The first major higher level classification of all organisms (with the exception of bacteria), coordinated by the International Society of Protistologists, overturns previously held scientific assumptions. 28 experts representing the fields of microbiology, mycology, parasitology, phycology, and protozoology contributed to this joint effort, which incorporates new data, obtained in the past 25 years, in such diverse areas as biochemistry and metabolism, electron microscopic structure, and gene sequences.
This classification conveys important information about the biochemistry and metabolism of disease-causing organisms. Here are three examples. 1) Pneumocystis, an opportunistic pathogen causing mortality in AIDS patients and immunocompromised individuals, is now known to be a fungus, indicating a different treatment regimen is needed. 2) Phytophtora, an organism causing potato blight, such as the one that caused the Irish famine in the 19th century, is now known not to be a fungus, which explains why fungicides are not effective treatments. 3) Plasmodium, the causative agent of malaria, is now known to share ancestry with photosynthetic organisms and has a vestigial chloroplast, called the apicoplast. This knowledge opens exciting possibilities for novel drug therapies.
The new classification recognizes 6 major clusters of organisms, rather than the 4 traditional Kingdoms. These clusters are 1) the Opisthokonta, grouping the animals, fungi, choanoflagellates, and Mesomycetozoa; 2) the Amoebozoa, grouping most traditional amoebae, slime moulds, many testate amoebae, some amoebo-flagellates, and several species without mitochondria; 3) the Excavata, grouping oxymonads, parabasalids, diplomonads, jakobids, and several other genera of heterotrophic flagellates, and possibly including the Euglenozoa and Heterolobosea; 4) the Rhizaria, grouping the Foraminifera, most of the traditional Radiolaria, and the Cercozoa with filose pseudopodia, such as many amoebo-flagellates and some testate amoebae; 5) the Archaeplastida, grouping the Glaucophyta, red algae, green algae, and Plantae; 6) the Chromalveolata, grouping the Alveolata (including ciliates, the dinoflagellates, and the Apicomplexa), cryptophytes, haptophytes, and stramenopiles (including brown algae, the diatoms, many zoosporic fungi, opalinids, amongst others).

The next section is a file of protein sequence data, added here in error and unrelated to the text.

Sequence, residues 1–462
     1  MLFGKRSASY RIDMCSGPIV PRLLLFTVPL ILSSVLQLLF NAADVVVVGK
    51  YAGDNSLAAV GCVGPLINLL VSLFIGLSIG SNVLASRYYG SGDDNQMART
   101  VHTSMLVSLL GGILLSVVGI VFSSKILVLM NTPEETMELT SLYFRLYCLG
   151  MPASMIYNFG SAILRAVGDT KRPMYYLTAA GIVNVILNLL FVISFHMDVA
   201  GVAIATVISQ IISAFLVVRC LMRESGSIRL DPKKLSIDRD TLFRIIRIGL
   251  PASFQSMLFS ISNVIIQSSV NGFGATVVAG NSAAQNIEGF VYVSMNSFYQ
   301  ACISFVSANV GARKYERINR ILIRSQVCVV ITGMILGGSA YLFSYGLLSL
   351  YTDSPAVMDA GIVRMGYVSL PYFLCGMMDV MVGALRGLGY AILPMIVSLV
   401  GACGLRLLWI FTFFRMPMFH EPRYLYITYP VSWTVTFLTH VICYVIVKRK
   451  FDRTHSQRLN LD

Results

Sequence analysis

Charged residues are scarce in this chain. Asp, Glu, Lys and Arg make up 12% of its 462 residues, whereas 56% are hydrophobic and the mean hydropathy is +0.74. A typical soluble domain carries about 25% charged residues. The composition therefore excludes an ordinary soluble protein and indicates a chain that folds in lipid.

Finally, the authors noted that they “adopted a hierarchical system without formal rank designations, such as “class,” “sub-class,” “super-order” or “order.” The decision to do so has been primarily motivated by utility, to avoid the common problem of a single change causing a cascade of changes to the system. We believe this to be more utilitarian, and less problematic than traditional conventions, as it is not constrained by formally attributing a limited number of rank names.”
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